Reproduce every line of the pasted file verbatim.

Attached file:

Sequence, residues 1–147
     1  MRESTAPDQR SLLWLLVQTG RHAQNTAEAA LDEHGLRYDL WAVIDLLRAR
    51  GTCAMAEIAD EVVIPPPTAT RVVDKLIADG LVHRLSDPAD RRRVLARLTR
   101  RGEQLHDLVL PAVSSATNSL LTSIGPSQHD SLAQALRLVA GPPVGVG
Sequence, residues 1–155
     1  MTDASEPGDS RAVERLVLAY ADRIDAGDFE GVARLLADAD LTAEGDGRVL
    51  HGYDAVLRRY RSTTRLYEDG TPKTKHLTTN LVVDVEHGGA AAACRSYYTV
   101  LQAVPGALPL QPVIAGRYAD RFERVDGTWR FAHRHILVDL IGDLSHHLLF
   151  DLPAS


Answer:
Sequence, residues 1–147
     1  MRESTAPDQR SLLWLLVQTG RHAQNTAEAA LDEHGLRYDL WAVIDLLRAR
    51  GTCAMAEIAD EVVIPPPTAT RVVDKLIADG LVHRLSDPAD RRRVLARLTR
   101  RGEQLHDLVL PAVSSATNSL LTSIGPSQHD SLAQALRLVA GPPVGVG
Sequence, residues 1–155
     1  MTDASEPGDS RAVERLVLAY ADRIDAGDFE GVARLLADAD LTAEGDGRVL
    51  HGYDAVLRRY RSTTRLYEDG TPKTKHLTTN LVVDVEHGGA AAACRSYYTV
   101  LQAVPGALPL QPVIAGRYAD RFERVDGTWR FAHRHILVDL IGDLSHHLLF
   151  DLPAS